Of course, she kept old clothes at the back of her closet in case she needed a disguise – one of her favourite get ups was dressing as an old lady. 

Nancy knew who she was, and was comfortable in her own skin – probably the thing I admired most about her. She didn’t dress to trends, she dressed for practicality. She wore conservative clothes with ease and grace, and in doing so encouraged her fans to do the same. It took me a while to catch on, but better late than never.

Thursday, 21 April 2011

Viva Las Vegas

Just finished a week in Sin City. Lots of fun, except I was fighting a cold. I refused to stay in bed even though I probably should have, and walking around was exhausting. It was worth losing at the slot machines just to sit in a chair. Plus they give you free drinks. I thought about buying one of those huge 100 ounce Margeritas that people wear around their necks, but I'm not a big tequila fan.

We really enjoyed Fremont Street, the old Las Vegas. The casinos are less intimidating ($3 tables) and the atmosphere is like a carnival. We saw Menopause: The Musical, and I highly recommend it. The shopping here is amazing too, and of course I brought home a ton of stuff, including another handbag to add to my collection.

Speaking of addictions, I'm not much of a gambler, and I usually stick to the slots, but our last night here I played at the blackjack table and won $50. I never win anything. What a rush.

I'll miss the free valet parking. Sure would be handy to be drive up to a store, or work, or anywhere, and not bother having to park. 

Adios, amigos. 

Wednesday, 13 April 2011

Arden Called.

Yes, Arden called.

But first, my dog started barking.

It wasn’t his usual bark, like: listen up, squirrel, come down outta that tree so I can chase you around the yard and possibly kill you. It was a bark that said: Mommy, mommy – there’s a strange man in orange overalls standing by the back fence.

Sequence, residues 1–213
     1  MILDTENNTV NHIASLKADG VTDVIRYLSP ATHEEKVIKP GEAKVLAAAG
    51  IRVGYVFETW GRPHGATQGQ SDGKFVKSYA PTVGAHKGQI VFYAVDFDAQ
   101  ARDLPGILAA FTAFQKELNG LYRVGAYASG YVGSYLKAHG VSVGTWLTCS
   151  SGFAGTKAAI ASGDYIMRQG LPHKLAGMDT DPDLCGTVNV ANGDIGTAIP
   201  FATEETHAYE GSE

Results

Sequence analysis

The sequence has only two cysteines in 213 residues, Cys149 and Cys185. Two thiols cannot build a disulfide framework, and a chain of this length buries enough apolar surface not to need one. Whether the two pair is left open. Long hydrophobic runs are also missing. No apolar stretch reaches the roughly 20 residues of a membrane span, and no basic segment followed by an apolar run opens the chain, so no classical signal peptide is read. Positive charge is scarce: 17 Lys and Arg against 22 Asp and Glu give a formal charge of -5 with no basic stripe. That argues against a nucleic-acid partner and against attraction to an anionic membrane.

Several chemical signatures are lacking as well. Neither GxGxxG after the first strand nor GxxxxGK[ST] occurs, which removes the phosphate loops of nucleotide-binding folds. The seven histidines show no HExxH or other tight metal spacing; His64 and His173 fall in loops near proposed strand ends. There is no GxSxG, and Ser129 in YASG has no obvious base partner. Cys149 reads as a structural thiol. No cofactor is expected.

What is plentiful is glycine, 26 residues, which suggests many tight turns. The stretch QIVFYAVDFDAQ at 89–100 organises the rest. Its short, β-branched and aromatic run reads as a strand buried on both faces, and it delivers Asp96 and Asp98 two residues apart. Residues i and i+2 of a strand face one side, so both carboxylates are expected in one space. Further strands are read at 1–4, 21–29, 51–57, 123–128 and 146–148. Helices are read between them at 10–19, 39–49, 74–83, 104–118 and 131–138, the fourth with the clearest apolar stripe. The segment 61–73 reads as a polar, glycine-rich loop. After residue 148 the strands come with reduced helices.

I checked out the front window. The phone company van was back, and so was Phone Guy #3.

I was very impressed. Only half an hour had passed since I’d hung up with Arden. I guess when Arden talked, people listened.

Phone Guy #3 continued to skulk around the house. I waved him over and asked for a status report. He told me he was fixing my phone cable. I asked if he had come the night before. He said no, wasn’t me. Apparently these people never work back to back shifts. I asked if they’re supposed to identify themselves before they start working on my property. He shrugged his shoulders. Technically, yeah, he said.

I think what he meant was, listen lady, this isn’t a perfect world, so get off my case and let me do my job, okay?

I gave him a closer look. He was young and cute. I wondered if he was single. No, I’m not a cougar. I’m simply on the lookout for a good match for my single daughter, and you never know.

A while later, the van disappeared. I checked my phone, and it was working. I did a happy dance.

Then my cell phone rang. It was Arden.

He was 15 minutes late calling, but he had actually called. He loved me, he really loved me… but I digress.

He told me he’d contacted the dispatcher, and all the technicians were busy. Nobody could come fix my phone until tomorrow.

But it’s already fixed, I said, perplexed. I checked my phone again. It was dead.